Kassioun Editorial 1046: What is Behind Lifting Subsidization?

Kassioun Editorial 1046: What is Behind Lifting Subsidization?

Since the outset, subsidization policies were an expression of wages not being sufficient for those who receive them to reach the minimum standard of living. Therefore, it was necessary to subsidize them, whether by fixing the prices of some basic commodities such as fuel, electricity, and bread, for example, or by other means.

In other words, the existence of the subsidization policy itself was an expression of two major distortions in the Syrian economy: the first is the distortion of the relationship between wages and profits, and of course in the interest of profits; and the second is the distortion of the relationship between wages and the minimum standard of living. In this sense, the continuation of subsidies over the last few decades was an expression of the continuation and deepening of these two distortions.

If keeping subsidization in place or lifting it is not a goal in itself, then the balance between wages and the average standard of living is. That is, every subsidy that is lifted must be compensated with a real increase in wages, otherwise lifting the subsidy without compensating for what is lifted is nothing other than officially-sponsored additional plundering from the pockets of the wage earners to the pockets of the profiteers.

The process of lifting subsidies takes various forms, as the bitter experience of Syrians proves. Raising the prices of basic commodities such as bread, fuel, electricity, and others is not the only way to lift subsidization. There are also more “savvy” forms that are followed in the process of lifting subsidization, including the reduction of food allowances leading to cancellation thereof, as well as reducing the allocations for diesel and household gas, etc., and the difficulty of obtaining them, as well as rationing electricity where people get it very infrequently. At the same time, official statements declare that “any citizen” who can pay 300 Syrian pounds per kilowatt hour, can have power all day long, every day.

If the process of lifting subsidies began gradually with the launch of the so-called “social market economy” in 2005, directly led to more distortion in the relationship between wages and profits, and got translated into an increase in the poverty rate over 5 years from 30% to 44% of Syrians, then what is happening in the process of lifting the subsidies these days aims to go beyond merely maximizing plundering.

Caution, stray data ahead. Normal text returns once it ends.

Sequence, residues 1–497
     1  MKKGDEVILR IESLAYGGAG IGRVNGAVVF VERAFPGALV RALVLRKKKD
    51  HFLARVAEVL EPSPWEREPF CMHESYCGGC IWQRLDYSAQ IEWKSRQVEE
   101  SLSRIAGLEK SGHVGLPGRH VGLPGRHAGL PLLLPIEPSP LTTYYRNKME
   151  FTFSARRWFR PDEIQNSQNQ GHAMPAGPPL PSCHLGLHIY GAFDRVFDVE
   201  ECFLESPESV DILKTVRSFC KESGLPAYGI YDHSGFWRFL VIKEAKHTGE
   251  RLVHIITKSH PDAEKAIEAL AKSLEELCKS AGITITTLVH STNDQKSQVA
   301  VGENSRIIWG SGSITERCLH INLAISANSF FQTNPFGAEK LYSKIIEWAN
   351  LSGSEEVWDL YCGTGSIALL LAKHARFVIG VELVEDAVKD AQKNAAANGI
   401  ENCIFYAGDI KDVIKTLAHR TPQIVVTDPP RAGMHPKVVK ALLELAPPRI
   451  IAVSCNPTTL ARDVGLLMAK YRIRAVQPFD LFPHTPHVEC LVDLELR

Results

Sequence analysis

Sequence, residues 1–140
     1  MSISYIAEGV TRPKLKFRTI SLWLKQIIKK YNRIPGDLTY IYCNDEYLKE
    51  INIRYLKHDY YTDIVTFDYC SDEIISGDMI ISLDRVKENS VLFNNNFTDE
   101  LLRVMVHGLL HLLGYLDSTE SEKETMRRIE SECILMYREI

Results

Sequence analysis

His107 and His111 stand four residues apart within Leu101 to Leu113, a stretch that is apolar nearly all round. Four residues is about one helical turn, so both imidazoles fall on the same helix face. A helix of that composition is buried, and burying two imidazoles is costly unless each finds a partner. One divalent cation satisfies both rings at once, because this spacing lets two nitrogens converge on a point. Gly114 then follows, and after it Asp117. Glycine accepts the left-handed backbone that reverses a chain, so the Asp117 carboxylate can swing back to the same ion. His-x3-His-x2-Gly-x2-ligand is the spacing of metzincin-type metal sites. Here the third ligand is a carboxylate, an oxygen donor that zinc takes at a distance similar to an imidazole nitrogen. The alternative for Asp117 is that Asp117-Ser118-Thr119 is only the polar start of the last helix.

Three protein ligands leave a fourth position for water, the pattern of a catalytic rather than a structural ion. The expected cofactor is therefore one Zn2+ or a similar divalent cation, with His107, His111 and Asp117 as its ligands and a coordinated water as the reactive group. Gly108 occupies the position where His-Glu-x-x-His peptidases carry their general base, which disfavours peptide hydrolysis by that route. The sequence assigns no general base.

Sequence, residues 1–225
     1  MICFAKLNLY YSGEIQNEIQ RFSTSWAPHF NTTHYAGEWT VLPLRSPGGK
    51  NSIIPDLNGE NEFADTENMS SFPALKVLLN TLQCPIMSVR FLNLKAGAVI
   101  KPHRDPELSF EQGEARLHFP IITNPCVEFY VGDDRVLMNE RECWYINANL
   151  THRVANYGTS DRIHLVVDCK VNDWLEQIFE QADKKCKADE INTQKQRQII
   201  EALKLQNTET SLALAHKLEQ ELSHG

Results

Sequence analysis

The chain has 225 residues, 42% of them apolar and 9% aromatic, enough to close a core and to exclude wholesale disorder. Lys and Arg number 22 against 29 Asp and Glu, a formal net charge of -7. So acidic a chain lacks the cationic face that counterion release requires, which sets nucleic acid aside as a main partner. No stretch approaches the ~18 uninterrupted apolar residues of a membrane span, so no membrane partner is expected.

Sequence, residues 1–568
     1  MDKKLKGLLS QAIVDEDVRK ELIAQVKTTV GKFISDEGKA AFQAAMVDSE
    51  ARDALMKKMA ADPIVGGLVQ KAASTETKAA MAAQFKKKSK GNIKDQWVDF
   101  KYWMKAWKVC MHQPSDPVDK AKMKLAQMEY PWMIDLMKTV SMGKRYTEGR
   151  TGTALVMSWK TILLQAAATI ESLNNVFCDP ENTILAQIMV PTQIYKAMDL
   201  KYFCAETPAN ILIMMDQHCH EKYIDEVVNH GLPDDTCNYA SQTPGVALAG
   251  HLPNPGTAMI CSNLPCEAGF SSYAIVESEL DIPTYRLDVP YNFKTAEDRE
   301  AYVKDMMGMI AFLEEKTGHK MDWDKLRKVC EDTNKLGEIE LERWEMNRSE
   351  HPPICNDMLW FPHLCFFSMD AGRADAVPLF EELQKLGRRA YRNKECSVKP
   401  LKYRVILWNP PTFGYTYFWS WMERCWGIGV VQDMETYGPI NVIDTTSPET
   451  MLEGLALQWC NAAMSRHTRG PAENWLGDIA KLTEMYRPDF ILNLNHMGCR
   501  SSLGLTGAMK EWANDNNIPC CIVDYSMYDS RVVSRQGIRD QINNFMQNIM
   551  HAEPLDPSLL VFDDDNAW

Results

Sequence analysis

Any state apparatus has, in principle, two main functions: repression and regulation. Repression means the use of or insinuation of using force to maintain a specific pattern of wealth distribution; and regulation with all that it includes of the various social functions of the state apparatus.

The ongoing process of lifting subsidies aims to end any social role of the state apparatus, and thus turn it into a bare tool of oppression in the hands of the plunderers. This not only threatens the socioeconomic political system, but also threatens the very existence of the state apparatus, and the very existence of the state itself.

On the other hand, the ongoing process of lifting subsidies, and as it targets the state itself, is targeting it by pressing to the maximum limits on the “segments” that the Chairman of the Economic Committee promises us will be excluded from the subsidy. A violent and unprecedented pressure, through which an attempt is being made to incorporate these “segments” in a process of historical transformation and displacement, including from concepts and trends that have persevered and persisted despite all the misfortunes that have befallen the masses.
Defending the “excluded segments” and those that will be excluded, i.e., defending 90% of Syrians in the face of those who pressure them to the point of suffocation, requires a review of the country’s entire socioeconomic structure, which is a review of the entire political structure as well. The only path for this and that is a comprehensive political solution based on UNSC Resolution 2254, the delay of which is exactly what has led to this rapid and massive deterioration.

(النسخة العربية)

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